This article evaluates the substance and structure of Comenius’ work and its function for the development of pedagogical theory and practice. It begins with an outline of how each epoch of historical development projected its own social, ideological, political and cultural aspirations into its evaluation of, and its interest or lack of interest in the work of Comenius. Particular attention is payed to two extreme, wrong judgments resulting from the fact that historical contexts were disregarded, that the ideas of Comenius were being inadmissibiy torn out of the context of his work. On the basis of the results of the most recent comeniological discoveries the study places methodological emphasis on research from the viewpoint of dialectical unity of the historical method with the logical and structural analyses. The study goes on to clarify the roots of Comenius’ conception of pansophistic universal lifelong education of all people. It concentrates on the fundamental relationships of the general and the particular, as it is underlined by Comenius in his interdisciplinary work.
This point of view is applied to interpreting and appraising the fundamental principles of Comenius’ work and their significance for the subsequent, especially present-day, educational theory and practice. Thus it is, for instance, the relation of educational questions to the basic problems of evolution and development of human life, both individual and social, in the sense of continual improvement of everyone in all that is essential for human life, in as comprehensive a manner as possible, and the like. In applying Comenius’ pansophia to questions of education of everyone it has been shown how Comenius developed the elements of the Czech tradition, such as man’s relationship to the world, lifelong education and improvement of everyone, the conception of the dialectical relation of manual and mental activities as an element bringing universal perfection, aspirations for tolerance and peace, and others. Furthermore, how he enriched these basic ideas by the study of other European authors, all of which resulted in the first with practice, by his socially amending aspect of his democratically aimed conception of lifelong education, Comenius became atypical for the times he lived in. But that is why his work can be all the more stimulating for the period in which the economic and social conditions for the implementation of the whole conception are secured. The linkage of general philosophical viewpoints and partial principles, both general pedagogical ones and didactic ones, Comenius’ struggle against a dehumanized view of life and the world, all that gives his system a dynamic and spontaneously dialectical character.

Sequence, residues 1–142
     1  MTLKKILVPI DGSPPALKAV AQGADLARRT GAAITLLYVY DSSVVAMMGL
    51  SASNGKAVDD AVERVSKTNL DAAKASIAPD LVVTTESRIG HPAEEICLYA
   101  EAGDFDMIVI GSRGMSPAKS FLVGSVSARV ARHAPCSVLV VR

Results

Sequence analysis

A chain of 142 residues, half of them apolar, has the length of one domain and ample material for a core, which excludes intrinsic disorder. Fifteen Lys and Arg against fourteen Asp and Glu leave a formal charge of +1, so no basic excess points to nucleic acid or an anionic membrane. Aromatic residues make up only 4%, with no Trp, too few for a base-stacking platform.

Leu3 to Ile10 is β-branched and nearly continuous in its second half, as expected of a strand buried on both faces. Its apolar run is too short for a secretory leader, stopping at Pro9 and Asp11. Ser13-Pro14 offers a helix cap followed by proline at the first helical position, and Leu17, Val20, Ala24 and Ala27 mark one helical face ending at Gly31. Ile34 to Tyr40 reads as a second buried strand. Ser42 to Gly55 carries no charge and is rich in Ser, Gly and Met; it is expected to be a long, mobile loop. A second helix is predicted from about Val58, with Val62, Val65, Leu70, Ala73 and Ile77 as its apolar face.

The philosophy of human life was the basis of Comenius’ pedagogy but during the development of his work his aspiration for a lifelong universal formation of man influenced and put the finishing touches to this philosophy of his. It was not only the question of his pansophia having, to a greater or lesser degree, a pedagogical character. Individual disciplines too, when he tried to elaborate them, received the specific features resulting from Comenius’ central aspiration for a lifelong universal formation of man and mankind. No discipline in Comenian conception was isolated in the sense of being confined to its own tasks and goals only, but it formed a significant part of the overall conception of the General Consultation (De rerum humanarum emendatione consultatio catholica). In Comenian conception the application of general philosophical norms was effected in relation to people and helped to create correct norms of education, which were to be applied to individuals as well as to social groups and also to perfecting mankind with the aim of bringing about peaceful co-existence.
Comenius aimed at perfecting man in all the complex structure of human life and development of society as a whole. By this aspiration he opened up a new trend of development side by side with the contemporary Cartesian-natural science stream of thought and mechanistically constructed metaphysics of the 17th century. It is, above all, this comprehensiveness that accounts for the contribution of his thinking even to the present time.